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They have a much longer history in routers and probably invented the router that we know today.
They sell more routers than anybody I'm aware of.
They also make some pretty nice routers, which is a bonus.
A bit's life depends on what you have been doing with it.
There is no real way to measure the effective life except in feet cut and I doubt anybody would actually keep score.
Buck Turgidson wrote:

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Sun, Nov 19, 2006, 1:51pm jc snipped-for-privacy@hotmail.com (BuckTurgidson) doth lament: I just ruined a 12' long piece of oak because the depth adjustment on my Craftsman router slipped while beading the edge of the oak. Not sure what happened, but I am nervous about using it now. <snip>
I used a bottom of the line Craftsman router for several years (until a bad solder joint broke), and replaced it with another, that's also been used for several years. Never had a problem self adjusting problem with either. However, I have a theory on that.
I'm thinking frequent height adjustment loosens it, allowing slip. My router lives in my router table, I use only flush trim bits, and don'adjust height. If it ever did slip i'd probably use adhesive on it; or, if I ever figured on adjusting height, I''d rig some type of screw stop instead..
Thes el-cheapo models do exactly what I want and need, I'll keep on using them. However, if I needed a router I'd adjust height on, I'd get something else..
JOAT Democratic justice. One man, one rock.
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I'm thinking frequent height adjustment loosens it, allowing slip.
I had a couple with the problem. The problem was with the bit slipping in the collet not the height adjustment slipping.
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Mon, Nov 20, 2006, 5:25pm (EST+5) snipped-for-privacy@swbell.net (Leon) doth sayeth: I had a couple with the problem. The problem was with the bit slipping in the collet not the height adjustment slipping.
I had that problem too, when I first started using mine. Turned out it was caused by bottoming the bit. Now I bottom the bit, then raisie it maybe 1/8", no more bit slipping.
You saying that, in just that way, now makes me wonder if part, if not all, of the so-called "self-adjusting" problems aren't just the bit slipping.
JOAT Democratic justice. One man, one rock.
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(Leon)

That may well be the case, however in my case I was fortunate. The bit would slide deeper into the collet. I just had to readjust and do it again.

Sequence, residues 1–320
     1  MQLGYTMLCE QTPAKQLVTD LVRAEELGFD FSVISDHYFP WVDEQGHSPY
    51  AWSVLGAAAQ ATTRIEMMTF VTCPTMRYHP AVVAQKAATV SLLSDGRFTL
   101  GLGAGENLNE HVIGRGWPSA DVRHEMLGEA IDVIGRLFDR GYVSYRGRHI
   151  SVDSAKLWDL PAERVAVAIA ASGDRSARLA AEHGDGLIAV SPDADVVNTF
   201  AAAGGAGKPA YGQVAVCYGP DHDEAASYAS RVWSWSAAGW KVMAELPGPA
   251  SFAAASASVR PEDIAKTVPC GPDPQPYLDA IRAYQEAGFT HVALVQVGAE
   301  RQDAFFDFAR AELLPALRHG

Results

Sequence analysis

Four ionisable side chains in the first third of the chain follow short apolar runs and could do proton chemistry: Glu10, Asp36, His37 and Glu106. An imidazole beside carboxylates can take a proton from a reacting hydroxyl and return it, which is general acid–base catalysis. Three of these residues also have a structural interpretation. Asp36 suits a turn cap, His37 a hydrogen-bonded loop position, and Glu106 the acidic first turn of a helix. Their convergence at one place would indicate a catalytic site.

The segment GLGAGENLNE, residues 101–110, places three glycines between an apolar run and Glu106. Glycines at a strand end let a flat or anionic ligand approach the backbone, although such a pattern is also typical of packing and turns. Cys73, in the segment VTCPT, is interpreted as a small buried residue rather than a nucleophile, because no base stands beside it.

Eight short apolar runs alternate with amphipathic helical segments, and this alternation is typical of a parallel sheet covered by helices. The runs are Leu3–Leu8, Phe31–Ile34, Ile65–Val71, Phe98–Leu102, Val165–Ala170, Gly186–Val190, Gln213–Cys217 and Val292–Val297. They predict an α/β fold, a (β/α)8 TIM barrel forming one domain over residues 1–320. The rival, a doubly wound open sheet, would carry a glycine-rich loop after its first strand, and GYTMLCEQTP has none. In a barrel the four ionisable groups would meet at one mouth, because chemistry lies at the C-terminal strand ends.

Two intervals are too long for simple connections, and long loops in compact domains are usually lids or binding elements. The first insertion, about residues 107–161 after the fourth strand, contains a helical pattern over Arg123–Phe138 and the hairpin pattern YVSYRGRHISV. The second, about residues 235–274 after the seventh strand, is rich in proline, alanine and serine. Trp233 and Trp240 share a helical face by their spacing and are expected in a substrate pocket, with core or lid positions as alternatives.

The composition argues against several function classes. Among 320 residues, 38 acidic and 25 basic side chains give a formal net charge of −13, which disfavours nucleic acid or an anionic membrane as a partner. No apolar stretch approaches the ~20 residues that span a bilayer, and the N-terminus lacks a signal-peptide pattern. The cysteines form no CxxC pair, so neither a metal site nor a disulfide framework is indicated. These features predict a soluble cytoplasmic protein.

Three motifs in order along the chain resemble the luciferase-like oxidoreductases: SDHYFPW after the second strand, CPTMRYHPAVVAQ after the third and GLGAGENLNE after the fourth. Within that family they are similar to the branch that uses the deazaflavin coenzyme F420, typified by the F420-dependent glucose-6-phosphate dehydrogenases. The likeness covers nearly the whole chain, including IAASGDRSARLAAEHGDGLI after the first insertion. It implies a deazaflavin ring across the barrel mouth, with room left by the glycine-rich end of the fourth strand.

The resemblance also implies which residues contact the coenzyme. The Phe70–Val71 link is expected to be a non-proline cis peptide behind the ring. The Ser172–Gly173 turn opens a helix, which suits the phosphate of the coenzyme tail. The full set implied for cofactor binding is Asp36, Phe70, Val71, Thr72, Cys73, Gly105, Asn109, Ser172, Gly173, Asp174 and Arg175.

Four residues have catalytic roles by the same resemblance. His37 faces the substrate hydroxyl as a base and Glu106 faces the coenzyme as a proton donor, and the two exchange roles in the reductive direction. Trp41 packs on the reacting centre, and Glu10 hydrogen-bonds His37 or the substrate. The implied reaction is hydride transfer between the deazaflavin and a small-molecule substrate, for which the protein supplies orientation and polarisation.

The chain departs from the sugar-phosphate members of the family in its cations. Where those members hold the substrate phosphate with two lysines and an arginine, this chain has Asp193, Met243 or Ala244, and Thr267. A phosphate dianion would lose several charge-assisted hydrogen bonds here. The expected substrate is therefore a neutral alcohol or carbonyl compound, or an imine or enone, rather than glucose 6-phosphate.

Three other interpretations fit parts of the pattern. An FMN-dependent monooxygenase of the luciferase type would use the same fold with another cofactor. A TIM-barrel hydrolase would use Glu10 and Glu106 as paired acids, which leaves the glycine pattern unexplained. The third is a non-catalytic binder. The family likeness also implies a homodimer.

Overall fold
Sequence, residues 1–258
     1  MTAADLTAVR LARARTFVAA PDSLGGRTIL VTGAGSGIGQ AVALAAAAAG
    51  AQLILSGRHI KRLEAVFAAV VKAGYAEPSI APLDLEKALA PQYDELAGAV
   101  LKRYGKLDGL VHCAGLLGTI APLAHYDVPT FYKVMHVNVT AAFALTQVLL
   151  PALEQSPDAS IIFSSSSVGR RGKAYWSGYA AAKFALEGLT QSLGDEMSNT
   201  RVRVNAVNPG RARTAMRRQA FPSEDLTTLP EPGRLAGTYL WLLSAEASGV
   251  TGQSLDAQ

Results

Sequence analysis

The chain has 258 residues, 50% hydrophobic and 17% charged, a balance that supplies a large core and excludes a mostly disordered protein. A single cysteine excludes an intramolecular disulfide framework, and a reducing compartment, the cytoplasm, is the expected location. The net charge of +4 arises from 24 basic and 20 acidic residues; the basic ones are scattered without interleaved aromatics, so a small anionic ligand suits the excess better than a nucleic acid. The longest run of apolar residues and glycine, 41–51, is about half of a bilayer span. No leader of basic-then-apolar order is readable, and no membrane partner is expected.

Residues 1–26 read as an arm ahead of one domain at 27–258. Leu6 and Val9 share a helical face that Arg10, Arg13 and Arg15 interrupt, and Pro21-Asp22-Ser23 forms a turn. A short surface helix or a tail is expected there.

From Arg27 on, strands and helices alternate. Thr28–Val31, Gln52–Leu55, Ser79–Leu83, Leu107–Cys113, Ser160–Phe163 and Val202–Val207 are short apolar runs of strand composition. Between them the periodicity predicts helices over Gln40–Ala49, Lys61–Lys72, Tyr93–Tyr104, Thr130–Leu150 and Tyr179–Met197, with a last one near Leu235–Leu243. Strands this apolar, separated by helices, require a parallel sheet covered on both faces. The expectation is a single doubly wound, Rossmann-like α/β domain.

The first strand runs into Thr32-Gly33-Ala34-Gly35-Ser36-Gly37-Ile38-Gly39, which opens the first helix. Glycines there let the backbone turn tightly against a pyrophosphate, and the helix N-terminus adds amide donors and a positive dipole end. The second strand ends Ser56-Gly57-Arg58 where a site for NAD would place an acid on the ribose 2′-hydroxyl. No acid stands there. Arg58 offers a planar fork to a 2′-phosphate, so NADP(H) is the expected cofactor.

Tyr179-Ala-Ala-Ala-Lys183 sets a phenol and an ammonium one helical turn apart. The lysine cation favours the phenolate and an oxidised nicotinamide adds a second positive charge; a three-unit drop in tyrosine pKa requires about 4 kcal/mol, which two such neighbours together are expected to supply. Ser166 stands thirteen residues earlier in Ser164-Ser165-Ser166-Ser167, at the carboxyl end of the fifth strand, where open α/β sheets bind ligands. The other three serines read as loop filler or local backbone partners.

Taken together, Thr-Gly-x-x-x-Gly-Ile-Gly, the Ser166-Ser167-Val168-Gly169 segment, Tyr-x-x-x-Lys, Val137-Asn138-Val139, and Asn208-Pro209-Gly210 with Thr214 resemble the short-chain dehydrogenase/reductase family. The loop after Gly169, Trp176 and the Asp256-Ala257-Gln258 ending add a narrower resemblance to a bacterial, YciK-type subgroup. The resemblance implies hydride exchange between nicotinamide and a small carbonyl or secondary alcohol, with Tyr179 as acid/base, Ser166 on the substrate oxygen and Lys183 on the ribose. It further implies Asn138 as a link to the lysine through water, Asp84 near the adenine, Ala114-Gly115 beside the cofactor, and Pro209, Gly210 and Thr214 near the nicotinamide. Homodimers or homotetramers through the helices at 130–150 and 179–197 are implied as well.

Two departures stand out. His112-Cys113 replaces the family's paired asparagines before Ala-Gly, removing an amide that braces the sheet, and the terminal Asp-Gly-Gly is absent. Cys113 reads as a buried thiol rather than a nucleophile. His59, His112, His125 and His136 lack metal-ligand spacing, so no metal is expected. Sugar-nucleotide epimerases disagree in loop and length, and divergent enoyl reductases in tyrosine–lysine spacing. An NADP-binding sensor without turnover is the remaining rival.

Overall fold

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Leon wrote:

Mine had both. It was a $99 plunge router but the plunge lock would slip a little in harder wood so I had add another nut to the depth stop and lock the depth with the nuts tightened on top and bottom. Then it would let the bit slip a little bit in the collett, sometimes up, sometimes down. It didn't have the second nut so you could tighten the collett with two wrenches, just a motor lock in the top of the router and one nut on the collett. I would get a wrench on the collett and lock the motor and bearhug the router trying to get the collett tightened enough to prevent slipping but it would still slip. I managed to get it tight enough to make the motor lock stick, I would have to smack it hard to lock or unlock, must have slightly bent the locking mechanism and the bit still slipped. I ruined enough wood to pay for the PC router so I went and bought one and ebay'ed the craftsman and was honest and said the lock sticks and the collett slips and the plunge lock slips and still got a few $ for it. The PC router has a shaft lock because all the magazines who review routers instead of using them think its necessary but if they ever used one they would know you can't get enough leverage holding the router in one hand and a wrench in the other so it still has the double nut collar, hold two wrenches with the handles slightly apart in one hand and squeeze them together and the bit is locked tight and doesn't move.
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Buck Turgidson wrote:

I went from a Craftsman to Porter Cable earlier this year (when PC had their recalled motor problems. I wan't affected but it was big news here), and I've been thrilled with my PC kit.
I had a problem with my Craftsman router in which the whole motor assembly fell apart while I was hand-routing a dado in some plywod.
The motor literally dropped loose in the housing. It scared the crap out of me. I put it back together and stuck it in my Craftsman router table, and there it has stayed.
One thing that I love about my PC 893PK is that it's *quiet* when it's not eating wood. My Craftsman was loud just cutting air.
-Nathan
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Yes, the 890s are rather quiet. The 690 is a screamer. I have three routers. 690, 892, and 8529. Never had a problem with any of them.

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I have three larger PCs, a 7518 in a router table, a 7529 plunge that I hardly use cause it's too big, heavy and awkward and a 891 to replace the 7529. I like the adjustmen and plunge better on the 7529 then the 891 but the smaler one is easier to use. I'm happy with them and they have never given me any trouble.

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Woops, hit something that made it send...
Anyway, I also have a PC trim router that I don't like the depth adjustment on cause you have to loosen the base on to use and it seems kind of tippy. Looking for a better idea.
On bits: Can't say I've ever worn one out but I've had crappy ones like from Rockler and Whiteside. Now I only buy Amana if at all possilbe, they cost more but are worth it in me experience.
m